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Engineers look to Lepidoptera for lessons on manipulating light

Butterflies and moths are masters of light manipulation. Their bodies have evolved specialized structures that allow them to reshape light in ways we can, at this point, only envy. Researchers are doing their best to emulate them though, building new materials based on molecular structures found in these insects’ wings and eyes. With any luck, we’ll soon have new ways to bend and trap light, improving everything from the ways we cool our buildings and stare at our screens.

Skipper butterflies in the family Hesperiidae might not have the saturated oranges or blues of other species, but small flecks of white on their wings have been catching researchers’ eyes. As with blue, there’s no pigment that makes the wings white. To send white light to your eye, the butterfly’s wings are instead covered in tiny scales that are bent or twisted at different angles to control how the light is refracted. The angle of each scale then plays a role in the color produced, which can apparently be manipulated in a why a static pigment can not.

In the case of skipper butterflies, the white dots on the outside of their otherwise brown wings can display more than one color of white. Close examination found that these spots seem to be a key signal to other butterflies, and their wing scales can control just how reflective or dull the white appears. The degree of control can even very between being dependent or independent on the viewing angle of the wing.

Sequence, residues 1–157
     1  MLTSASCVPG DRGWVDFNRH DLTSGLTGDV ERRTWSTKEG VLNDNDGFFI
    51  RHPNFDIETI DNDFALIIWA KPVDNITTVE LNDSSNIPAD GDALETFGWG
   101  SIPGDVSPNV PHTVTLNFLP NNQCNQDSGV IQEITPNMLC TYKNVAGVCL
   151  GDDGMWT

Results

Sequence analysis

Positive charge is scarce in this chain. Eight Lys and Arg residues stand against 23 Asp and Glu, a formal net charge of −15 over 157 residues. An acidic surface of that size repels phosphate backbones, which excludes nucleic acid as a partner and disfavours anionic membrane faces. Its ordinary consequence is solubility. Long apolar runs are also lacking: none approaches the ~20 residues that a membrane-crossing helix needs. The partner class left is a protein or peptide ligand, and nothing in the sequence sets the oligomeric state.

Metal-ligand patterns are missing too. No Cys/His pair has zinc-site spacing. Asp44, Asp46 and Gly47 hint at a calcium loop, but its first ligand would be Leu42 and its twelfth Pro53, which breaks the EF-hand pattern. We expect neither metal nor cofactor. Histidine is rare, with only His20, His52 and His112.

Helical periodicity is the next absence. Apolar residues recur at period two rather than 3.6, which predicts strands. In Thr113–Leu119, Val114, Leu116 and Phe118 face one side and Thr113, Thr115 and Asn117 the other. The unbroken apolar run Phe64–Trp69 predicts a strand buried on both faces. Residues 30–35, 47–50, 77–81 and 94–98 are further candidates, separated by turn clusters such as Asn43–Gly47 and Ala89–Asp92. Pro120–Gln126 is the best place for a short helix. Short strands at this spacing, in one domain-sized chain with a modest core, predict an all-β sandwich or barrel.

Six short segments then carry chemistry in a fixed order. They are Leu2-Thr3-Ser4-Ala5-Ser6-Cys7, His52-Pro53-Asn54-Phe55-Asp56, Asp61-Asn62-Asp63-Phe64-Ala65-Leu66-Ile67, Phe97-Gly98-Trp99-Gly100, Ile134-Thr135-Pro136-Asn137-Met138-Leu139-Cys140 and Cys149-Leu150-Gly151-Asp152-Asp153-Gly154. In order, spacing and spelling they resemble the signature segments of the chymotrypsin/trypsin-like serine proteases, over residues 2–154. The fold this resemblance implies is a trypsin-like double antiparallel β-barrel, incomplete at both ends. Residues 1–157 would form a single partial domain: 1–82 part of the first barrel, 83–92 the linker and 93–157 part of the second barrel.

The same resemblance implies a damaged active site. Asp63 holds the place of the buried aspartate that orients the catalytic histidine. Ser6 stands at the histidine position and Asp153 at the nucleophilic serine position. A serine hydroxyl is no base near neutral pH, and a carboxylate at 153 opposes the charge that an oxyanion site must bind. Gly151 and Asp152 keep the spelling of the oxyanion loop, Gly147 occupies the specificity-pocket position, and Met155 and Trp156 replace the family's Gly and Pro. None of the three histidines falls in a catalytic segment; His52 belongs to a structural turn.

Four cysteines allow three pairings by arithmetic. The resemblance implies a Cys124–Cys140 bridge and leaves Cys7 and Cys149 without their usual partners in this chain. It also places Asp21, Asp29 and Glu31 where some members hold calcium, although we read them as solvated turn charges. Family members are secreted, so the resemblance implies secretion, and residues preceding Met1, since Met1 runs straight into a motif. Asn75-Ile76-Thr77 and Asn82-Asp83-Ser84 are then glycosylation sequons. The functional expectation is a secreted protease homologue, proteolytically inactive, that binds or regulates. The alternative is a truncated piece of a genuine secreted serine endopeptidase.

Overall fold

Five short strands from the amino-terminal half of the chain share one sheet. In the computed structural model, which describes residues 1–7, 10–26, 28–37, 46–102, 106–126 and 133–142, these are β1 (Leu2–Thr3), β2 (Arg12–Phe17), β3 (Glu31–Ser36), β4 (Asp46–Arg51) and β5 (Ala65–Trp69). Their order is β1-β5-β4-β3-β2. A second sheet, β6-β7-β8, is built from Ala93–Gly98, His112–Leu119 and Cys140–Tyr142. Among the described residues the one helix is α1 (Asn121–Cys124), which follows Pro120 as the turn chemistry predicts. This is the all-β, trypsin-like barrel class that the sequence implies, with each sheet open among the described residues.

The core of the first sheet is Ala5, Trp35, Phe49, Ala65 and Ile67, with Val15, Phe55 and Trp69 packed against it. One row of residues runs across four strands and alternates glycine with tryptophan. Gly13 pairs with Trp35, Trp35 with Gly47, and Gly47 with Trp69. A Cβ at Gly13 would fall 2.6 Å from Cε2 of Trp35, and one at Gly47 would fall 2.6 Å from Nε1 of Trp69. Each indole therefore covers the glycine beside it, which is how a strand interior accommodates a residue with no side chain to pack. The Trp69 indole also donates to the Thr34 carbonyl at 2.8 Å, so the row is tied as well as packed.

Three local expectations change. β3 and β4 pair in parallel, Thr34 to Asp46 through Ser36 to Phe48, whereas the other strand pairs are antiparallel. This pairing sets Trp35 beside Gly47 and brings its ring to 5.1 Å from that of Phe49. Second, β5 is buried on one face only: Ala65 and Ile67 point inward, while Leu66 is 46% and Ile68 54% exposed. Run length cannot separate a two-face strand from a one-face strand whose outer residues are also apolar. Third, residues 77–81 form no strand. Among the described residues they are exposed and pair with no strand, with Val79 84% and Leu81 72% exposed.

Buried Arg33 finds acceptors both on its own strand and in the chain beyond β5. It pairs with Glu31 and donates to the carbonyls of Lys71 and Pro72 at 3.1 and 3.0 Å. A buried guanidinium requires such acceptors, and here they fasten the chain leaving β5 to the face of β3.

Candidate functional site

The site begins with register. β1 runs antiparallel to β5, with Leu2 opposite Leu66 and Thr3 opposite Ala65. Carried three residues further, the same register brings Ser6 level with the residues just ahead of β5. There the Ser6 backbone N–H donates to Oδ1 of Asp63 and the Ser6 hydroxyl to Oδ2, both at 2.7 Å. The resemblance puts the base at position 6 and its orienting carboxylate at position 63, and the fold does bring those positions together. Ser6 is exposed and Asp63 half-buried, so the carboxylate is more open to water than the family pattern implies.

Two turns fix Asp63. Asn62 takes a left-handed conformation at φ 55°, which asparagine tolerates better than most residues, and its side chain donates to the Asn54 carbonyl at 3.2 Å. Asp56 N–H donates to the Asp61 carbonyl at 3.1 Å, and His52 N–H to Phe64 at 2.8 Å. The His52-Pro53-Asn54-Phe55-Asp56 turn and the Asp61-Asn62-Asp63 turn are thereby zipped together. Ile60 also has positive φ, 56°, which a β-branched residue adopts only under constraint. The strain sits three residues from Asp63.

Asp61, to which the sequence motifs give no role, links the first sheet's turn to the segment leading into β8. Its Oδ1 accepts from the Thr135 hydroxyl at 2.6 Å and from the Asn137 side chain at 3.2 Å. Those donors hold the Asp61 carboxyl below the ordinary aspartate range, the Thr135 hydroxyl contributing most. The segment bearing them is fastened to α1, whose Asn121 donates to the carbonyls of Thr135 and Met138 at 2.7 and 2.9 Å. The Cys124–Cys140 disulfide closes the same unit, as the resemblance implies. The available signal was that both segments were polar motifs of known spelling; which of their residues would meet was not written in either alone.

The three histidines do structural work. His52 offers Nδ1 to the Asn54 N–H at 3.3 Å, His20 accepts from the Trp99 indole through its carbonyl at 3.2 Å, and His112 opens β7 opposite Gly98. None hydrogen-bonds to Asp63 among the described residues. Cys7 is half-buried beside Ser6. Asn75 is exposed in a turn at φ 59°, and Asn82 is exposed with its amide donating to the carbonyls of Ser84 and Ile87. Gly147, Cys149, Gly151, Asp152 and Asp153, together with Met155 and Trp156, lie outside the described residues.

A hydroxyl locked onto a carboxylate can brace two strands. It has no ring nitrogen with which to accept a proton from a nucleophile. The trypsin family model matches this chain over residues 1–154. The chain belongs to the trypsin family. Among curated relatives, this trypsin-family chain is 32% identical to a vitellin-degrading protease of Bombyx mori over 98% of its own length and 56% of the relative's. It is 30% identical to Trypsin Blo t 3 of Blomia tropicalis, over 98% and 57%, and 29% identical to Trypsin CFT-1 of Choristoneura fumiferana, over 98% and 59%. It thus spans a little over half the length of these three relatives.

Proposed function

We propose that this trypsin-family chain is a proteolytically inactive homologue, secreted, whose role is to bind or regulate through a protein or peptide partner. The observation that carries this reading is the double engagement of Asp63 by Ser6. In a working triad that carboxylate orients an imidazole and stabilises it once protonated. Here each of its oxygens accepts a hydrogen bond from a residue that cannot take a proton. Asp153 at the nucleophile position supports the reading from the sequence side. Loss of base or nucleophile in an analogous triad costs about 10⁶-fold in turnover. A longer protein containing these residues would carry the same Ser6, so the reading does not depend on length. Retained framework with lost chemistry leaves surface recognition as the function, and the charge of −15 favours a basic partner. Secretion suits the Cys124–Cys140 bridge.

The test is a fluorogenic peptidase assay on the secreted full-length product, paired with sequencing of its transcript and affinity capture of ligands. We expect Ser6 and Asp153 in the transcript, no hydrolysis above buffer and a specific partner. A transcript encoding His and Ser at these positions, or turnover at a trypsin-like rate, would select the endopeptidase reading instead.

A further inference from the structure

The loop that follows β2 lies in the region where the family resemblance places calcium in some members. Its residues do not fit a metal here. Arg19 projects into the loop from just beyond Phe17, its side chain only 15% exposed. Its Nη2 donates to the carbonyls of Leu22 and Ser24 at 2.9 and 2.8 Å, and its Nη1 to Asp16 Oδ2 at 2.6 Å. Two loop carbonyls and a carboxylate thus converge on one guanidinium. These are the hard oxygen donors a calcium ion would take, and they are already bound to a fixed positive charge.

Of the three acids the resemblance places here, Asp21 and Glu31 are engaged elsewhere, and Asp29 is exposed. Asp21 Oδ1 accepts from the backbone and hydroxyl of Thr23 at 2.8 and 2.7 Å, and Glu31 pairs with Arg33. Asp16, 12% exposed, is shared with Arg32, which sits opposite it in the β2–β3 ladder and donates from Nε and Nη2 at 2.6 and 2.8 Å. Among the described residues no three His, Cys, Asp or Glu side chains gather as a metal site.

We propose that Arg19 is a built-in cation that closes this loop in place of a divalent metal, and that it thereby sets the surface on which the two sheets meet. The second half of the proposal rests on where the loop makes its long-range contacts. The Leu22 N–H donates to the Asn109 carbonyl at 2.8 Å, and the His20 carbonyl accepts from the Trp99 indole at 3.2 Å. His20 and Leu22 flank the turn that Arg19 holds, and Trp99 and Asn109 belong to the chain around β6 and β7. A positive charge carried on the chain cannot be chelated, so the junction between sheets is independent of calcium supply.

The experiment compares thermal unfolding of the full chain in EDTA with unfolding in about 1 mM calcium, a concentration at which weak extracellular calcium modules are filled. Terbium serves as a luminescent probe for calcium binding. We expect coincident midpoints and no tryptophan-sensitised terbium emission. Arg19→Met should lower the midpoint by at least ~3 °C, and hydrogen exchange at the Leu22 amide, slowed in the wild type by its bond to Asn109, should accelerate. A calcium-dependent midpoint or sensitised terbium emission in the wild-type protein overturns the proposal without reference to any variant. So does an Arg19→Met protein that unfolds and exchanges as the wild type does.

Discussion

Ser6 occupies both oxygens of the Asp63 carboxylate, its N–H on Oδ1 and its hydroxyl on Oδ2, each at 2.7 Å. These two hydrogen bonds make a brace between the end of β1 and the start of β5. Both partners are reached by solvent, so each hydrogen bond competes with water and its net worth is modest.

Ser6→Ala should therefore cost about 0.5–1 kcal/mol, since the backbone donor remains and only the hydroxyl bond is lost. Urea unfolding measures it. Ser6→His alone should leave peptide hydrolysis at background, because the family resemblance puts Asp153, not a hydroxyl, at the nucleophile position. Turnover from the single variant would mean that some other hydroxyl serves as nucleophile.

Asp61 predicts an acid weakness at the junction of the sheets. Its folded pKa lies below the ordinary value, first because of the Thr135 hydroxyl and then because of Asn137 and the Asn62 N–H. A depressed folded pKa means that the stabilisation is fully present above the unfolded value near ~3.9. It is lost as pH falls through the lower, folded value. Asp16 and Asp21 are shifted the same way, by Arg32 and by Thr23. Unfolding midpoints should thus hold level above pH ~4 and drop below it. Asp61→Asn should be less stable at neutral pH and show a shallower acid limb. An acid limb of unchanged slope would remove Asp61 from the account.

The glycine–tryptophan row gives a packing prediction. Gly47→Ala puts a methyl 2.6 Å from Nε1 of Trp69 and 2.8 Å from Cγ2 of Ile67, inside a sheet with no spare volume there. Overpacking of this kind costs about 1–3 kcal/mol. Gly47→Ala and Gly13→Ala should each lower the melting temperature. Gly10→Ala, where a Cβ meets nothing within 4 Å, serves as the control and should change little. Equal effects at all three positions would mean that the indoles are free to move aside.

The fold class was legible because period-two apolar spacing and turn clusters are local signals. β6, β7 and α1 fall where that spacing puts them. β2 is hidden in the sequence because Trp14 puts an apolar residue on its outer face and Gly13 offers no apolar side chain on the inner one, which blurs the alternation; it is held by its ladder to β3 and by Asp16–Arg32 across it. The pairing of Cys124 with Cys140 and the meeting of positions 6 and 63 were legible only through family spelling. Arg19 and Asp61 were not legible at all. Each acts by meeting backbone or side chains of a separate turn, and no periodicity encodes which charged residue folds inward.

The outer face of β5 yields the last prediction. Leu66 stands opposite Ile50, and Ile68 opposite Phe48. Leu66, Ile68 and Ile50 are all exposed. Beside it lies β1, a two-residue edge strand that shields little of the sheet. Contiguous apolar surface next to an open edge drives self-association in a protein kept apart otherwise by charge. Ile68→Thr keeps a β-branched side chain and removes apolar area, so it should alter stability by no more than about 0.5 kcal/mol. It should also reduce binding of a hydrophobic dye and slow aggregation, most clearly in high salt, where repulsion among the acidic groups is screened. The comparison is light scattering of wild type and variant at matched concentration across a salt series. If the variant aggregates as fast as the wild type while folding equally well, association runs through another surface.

This kind of control would be great to build into various technologies, starting with glass and paints. Since white light is made up of all the colors from the visible spectrum, reflecting white light is a good way to keep sunshine off an object. People in hot climates often paint roofs white to try to keep buildings cool, a strategy that could be greatly enhanced if the paint could incorporate some of butterfly scales’ light-bending properties.

Seeing more with less light

Sometimes reflecting light isn’t what you’re looking for. In those cases, moth eyes may provide a good model for how to bend light in order to trap it. Moths evolved specialized structures in their eyes to help keep them from reflecting ambient light at night, which might make them visible to predators. Human eyes really only experience this a problem when a camera flash goes off, but the underlying principles may be very helpful in the design of LCD screens, like those found on your phone.

When light hits the glass of your phone, some of it is reflected back at your eyes. When it’s coming from a source brighter than the screen, like direct sunlight, it can overpower the image the screen is trying to show you, leaving you nothing to see but glare. To compensate, devices crank up their screen brightness, but that takes a lot of power, draining your battery faster. With a moth-inspired film on the outside, the sunlight wouldn’t be reflected, and the screen could remain dimmer without a problem. Engineers are hopeful that this will be available to phone manufacturers soon, but some issues like durability are still being worked out. For all their subtle ways of controlling light, moths and butterflies aren’t the most rugged insects out there.

Source: Penn collaboration produces surprising insights into the properties of butterfly wings

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